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Reflexivity in the research process: psychoanalytic observations

Reflexivity in the research process: psychoanalytic observations
Reflexivity in the research process: psychoanalytic observations
This paper highlights what psychoanalysis can add to discussions of reflexivity, by specifically describing how reflexivity is conceptualized and fostered on psychoanalytic observation methods courses at the Tavistock Clinic, London. It is demonstrated that this psychological form of reflexivity is relevant to empirical and conceptual work and shown that it shares interesting parallels with debates about reflexivity in social research methods, while also being able to contribute to discussions of what constitutes reflexivity and what kinds of methods course might facilitate it. Reflexivity is often discussed in relation to a researcher’s empirical work, but this paper argues that reflexivity is equally needed in relation to the academic context in which most research and learning takes place. This paper demonstrates how psychoanalytic approaches to learning stimulate a reflexive relation to empirical and conceptual work and it provides examples of reflexivity from a two year infant observation and a research project on romantic love (involving conceptual and biographical research).
social research, mental health, psychosocial studies
1364-5579
181-197
Brown, J.C.
a4e89a80-d3b2-417e-8969-c103ddba409a
Brown, J.C.
a4e89a80-d3b2-417e-8969-c103ddba409a

Brown, J.C. (2006) Reflexivity in the research process: psychoanalytic observations. International Journal of Social Research Methodology, 9 (3), 181-197. (doi:10.1080/13645570600652776).

Record type: Article

Abstract

This paper highlights what psychoanalysis can add to discussions of reflexivity, by specifically describing how reflexivity is conceptualized and fostered on psychoanalytic observation methods courses at the Tavistock Clinic, London. It is demonstrated that this psychological form of reflexivity is relevant to empirical and conceptual work and shown that it shares interesting parallels with debates about reflexivity in social research methods, while also being able to contribute to discussions of what constitutes reflexivity and what kinds of methods course might facilitate it. Reflexivity is often discussed in relation to a researcher’s empirical work, but this paper argues that reflexivity is equally needed in relation to the academic context in which most research and learning takes place. This paper demonstrates how psychoanalytic approaches to learning stimulate a reflexive relation to empirical and conceptual work and it provides examples of reflexivity from a two year infant observation and a research project on romantic love (involving conceptual and biographical research).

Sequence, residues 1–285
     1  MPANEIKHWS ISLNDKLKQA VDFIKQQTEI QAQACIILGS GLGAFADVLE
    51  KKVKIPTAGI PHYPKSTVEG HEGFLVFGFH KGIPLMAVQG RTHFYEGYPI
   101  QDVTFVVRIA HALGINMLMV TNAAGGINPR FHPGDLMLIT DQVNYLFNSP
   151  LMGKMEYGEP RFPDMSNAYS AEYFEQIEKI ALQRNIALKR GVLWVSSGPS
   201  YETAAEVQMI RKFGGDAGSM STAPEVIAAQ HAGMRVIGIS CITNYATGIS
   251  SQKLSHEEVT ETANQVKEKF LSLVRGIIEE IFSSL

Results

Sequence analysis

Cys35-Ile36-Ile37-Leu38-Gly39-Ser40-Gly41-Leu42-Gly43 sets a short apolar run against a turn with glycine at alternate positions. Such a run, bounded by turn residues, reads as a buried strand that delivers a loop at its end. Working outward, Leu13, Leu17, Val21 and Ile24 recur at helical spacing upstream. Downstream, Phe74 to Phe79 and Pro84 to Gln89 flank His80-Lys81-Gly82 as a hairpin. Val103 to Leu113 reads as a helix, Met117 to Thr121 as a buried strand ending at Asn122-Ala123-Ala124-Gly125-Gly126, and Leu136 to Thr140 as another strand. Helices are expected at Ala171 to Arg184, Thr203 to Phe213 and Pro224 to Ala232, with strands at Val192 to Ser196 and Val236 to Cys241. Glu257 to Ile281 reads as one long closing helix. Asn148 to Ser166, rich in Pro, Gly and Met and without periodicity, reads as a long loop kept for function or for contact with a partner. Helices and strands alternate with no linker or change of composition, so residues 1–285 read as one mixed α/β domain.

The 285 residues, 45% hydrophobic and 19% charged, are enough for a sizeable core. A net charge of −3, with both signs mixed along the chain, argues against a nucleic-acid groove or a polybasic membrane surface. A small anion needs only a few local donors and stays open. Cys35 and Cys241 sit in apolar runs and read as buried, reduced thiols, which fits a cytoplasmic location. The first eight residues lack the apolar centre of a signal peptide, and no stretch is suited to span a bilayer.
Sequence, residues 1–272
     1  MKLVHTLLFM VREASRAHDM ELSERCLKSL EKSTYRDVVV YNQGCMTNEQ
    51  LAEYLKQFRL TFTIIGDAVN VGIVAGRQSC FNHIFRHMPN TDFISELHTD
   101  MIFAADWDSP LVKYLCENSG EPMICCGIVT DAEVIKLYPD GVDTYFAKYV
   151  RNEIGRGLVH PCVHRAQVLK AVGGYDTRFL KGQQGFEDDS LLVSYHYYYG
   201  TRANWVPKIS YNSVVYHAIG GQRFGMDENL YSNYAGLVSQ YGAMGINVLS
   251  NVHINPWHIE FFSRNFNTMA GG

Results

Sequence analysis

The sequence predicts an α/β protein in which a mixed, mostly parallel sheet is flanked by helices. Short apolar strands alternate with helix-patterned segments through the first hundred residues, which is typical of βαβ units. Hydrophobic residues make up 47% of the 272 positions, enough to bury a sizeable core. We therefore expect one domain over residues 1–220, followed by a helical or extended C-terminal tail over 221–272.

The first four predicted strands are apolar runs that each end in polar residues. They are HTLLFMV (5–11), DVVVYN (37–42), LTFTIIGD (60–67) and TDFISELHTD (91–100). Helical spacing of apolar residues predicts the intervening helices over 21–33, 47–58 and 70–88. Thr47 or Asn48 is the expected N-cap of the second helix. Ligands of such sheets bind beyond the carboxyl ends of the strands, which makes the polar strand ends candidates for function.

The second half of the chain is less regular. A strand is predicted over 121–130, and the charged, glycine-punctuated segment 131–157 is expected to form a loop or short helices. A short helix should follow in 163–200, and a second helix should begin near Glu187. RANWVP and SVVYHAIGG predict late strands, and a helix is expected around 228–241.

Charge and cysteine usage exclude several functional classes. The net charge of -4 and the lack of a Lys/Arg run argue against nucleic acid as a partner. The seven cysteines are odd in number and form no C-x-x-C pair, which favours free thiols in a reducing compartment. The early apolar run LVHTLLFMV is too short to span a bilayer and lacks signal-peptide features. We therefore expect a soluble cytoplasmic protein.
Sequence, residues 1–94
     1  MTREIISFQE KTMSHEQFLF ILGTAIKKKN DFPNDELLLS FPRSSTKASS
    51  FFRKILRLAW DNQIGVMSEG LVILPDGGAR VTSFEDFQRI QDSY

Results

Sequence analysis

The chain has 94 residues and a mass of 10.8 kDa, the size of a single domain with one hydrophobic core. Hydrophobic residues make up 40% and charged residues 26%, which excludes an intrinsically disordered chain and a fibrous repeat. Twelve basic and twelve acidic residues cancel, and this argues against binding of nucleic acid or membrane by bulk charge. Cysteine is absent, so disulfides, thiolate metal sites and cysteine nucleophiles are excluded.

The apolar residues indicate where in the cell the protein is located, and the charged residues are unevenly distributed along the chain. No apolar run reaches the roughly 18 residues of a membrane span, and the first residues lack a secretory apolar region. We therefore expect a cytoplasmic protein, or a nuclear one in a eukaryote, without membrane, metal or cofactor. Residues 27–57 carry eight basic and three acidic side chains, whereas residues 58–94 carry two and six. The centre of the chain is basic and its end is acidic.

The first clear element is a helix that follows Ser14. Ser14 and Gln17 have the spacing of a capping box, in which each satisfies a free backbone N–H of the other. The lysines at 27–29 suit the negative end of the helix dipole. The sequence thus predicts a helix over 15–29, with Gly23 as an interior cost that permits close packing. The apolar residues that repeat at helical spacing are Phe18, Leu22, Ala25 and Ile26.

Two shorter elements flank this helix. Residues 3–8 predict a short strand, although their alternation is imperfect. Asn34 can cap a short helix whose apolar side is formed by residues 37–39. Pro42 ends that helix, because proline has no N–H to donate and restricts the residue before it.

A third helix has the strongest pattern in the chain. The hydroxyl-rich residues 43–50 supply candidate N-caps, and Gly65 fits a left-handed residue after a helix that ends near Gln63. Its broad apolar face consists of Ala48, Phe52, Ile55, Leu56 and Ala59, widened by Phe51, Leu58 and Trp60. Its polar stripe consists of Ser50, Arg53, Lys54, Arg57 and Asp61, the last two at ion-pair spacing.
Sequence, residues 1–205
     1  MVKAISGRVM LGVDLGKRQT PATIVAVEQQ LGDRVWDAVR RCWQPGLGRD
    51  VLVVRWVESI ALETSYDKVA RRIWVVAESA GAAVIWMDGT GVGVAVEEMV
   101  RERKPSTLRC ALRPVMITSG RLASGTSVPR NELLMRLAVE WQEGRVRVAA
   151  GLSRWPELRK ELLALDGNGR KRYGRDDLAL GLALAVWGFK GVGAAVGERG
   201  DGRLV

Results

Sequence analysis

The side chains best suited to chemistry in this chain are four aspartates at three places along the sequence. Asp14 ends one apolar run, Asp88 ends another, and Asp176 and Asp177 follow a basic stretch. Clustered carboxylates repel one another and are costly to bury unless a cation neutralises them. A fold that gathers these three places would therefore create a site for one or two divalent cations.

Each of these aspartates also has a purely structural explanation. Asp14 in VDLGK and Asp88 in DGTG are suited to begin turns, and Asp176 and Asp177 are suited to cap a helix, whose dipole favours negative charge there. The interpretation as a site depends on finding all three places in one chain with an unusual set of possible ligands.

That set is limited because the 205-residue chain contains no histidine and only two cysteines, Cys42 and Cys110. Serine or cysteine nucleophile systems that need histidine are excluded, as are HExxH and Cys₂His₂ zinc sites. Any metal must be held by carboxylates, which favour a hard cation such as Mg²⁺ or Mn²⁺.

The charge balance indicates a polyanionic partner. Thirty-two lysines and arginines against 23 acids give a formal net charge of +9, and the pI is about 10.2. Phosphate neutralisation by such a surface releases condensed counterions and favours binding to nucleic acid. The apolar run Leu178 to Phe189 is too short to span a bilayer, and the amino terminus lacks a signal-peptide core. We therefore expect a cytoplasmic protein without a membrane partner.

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Brown,_J___IntJ_Social_research_methodology_jul06.pdf - Accepted Manuscript
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Published date: July 2006
Keywords: social research, mental health, psychosocial studies

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Local EPrints ID: 42919
URI: https://eprints.soton.ac.uk/id/eprint/42919
ISSN: 1364-5579
PURE UUID: 2e579c7f-cf93-4c54-b432-c2301f530087
ORCID for J.C. Brown: ORCID iD orcid.org/0000-0002-3383-8809

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Date deposited: 19 Dec 2006
Last modified: 13 Mar 2019 21:10

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Author: J.C. Brown ORCID iD

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